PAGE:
4 Cranch 75, 8 U. S. 98
274 F. 160, 164. This is with the authority of
the same sovereign which committed him.
There is no express authority authorizing the transfer of a
federal prisoner to a state court for such purposes.
Page 258 U. S. 262
Yet we have no doubt that it exists, and is to be exercised with
the consent of the Attorney General. In that officer the power and
discretion to practice the comity in such matters between the
federal and state courts is vested. The Attorney General is the
head of the Department of Justice. Rev.Stats. § 346. He is the hand
of the President in taking care that the laws of the United States
in protection of the interests of the United States in legal
proceedings and in the prosecution of offenses be faithfully
executed. United States v. San Jacinto Tin Co.,
125 U. S. 273
In re Neagle, 135 U. S. 1
Kern River Co. v. United States, 257 U.
; Rev.Stats. § 359, Act of June 30, 1906, 34 Stat.
816; Rev.Stats. §§ 360, 361, 357, 364. By § 367 Rev.Stats., the
Attorney General is authorized to send the Solicitor General or any
officer of the Department of Justice
"to any state or district in the United States to attend to the
interests of the United States in any suit pending in any of the
courts of the United States, or in the courts of any state, or to
attend to any other interest of the United States."
The prisons of the United States and the custody of prisoners
under sentence are generally under the supervision and regulation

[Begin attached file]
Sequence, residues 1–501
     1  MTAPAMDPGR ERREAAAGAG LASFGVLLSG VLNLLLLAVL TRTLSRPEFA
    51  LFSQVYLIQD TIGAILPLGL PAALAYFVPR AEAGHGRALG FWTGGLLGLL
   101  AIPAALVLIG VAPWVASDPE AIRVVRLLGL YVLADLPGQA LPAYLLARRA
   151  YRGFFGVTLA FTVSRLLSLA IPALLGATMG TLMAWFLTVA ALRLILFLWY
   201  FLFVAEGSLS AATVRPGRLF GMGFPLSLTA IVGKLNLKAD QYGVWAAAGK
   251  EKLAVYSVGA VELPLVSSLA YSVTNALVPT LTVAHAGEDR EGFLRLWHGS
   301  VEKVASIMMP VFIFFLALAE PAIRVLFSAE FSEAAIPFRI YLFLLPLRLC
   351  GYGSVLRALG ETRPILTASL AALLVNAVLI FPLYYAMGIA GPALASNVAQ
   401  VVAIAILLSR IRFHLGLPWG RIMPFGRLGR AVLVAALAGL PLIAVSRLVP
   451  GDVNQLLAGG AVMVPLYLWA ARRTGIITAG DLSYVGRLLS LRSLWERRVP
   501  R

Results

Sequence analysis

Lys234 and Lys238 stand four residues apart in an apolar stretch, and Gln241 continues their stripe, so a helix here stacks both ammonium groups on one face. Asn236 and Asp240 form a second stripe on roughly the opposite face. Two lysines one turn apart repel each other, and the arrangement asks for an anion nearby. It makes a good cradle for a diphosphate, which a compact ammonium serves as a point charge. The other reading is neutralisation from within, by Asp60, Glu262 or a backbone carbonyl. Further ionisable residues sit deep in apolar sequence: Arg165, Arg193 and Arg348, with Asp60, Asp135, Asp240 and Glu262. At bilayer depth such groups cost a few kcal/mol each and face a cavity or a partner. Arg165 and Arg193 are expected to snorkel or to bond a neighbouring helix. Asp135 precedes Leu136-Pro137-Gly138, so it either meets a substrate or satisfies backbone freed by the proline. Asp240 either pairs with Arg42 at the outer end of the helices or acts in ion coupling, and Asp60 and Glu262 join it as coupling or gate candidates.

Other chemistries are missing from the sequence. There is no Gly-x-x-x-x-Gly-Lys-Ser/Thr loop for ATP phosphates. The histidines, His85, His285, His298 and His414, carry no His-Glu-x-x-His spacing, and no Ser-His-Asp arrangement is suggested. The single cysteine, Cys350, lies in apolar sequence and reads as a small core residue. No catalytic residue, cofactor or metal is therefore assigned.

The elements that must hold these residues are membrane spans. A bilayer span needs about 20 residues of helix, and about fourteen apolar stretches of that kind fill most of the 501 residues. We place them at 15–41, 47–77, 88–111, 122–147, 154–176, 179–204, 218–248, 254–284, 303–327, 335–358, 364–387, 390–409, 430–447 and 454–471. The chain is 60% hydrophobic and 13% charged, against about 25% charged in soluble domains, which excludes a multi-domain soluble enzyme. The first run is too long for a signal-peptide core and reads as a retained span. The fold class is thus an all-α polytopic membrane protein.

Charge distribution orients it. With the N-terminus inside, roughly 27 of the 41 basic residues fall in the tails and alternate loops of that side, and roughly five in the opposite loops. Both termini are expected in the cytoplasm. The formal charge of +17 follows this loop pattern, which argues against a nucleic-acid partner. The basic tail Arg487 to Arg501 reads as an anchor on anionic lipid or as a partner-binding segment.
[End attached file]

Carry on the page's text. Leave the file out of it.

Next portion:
of the Attorney General. Act March 3, 1891, 26 Stat. 839. He is to
approve the expenses of the transportation of United States
prisoners by the marshals under his supervision to the wardens of
the prisons where they are to be confined, 26 Stat. 839. He makes
contracts with managers of state prisons for the custody of United
States prisoners. Rev.Stats. § 5548. He designates such prisons.
Rev.Stats., § 5546, amended 19 Stat. 88, and 31 Stat. 1450. Release
of United States prisoners on parole, whether confined in federal
prisons or in state prisons, is not made save with the approval of
the Attorney General. Act of June 25, 1910, 36 Stat. 819. The
Attorney General is authorized to change the place of imprisonment
Page 258 U. S. 263
States prisoners confined in a state prison when he thinks it
not sufficient to secure their custody, or on their application,
because of unhealthy surroundings or improper treatment. Section
5546 as amended 19 Stat. 88, and 31 Stat. 1450. One important duty
the Attorney General has to perform is the examination of all
applications for pardon or commutation, and a report and
recommendation to the President.
This recital of the duties of the Attorney General leaves no
doubt that one of the interests of the United States which he has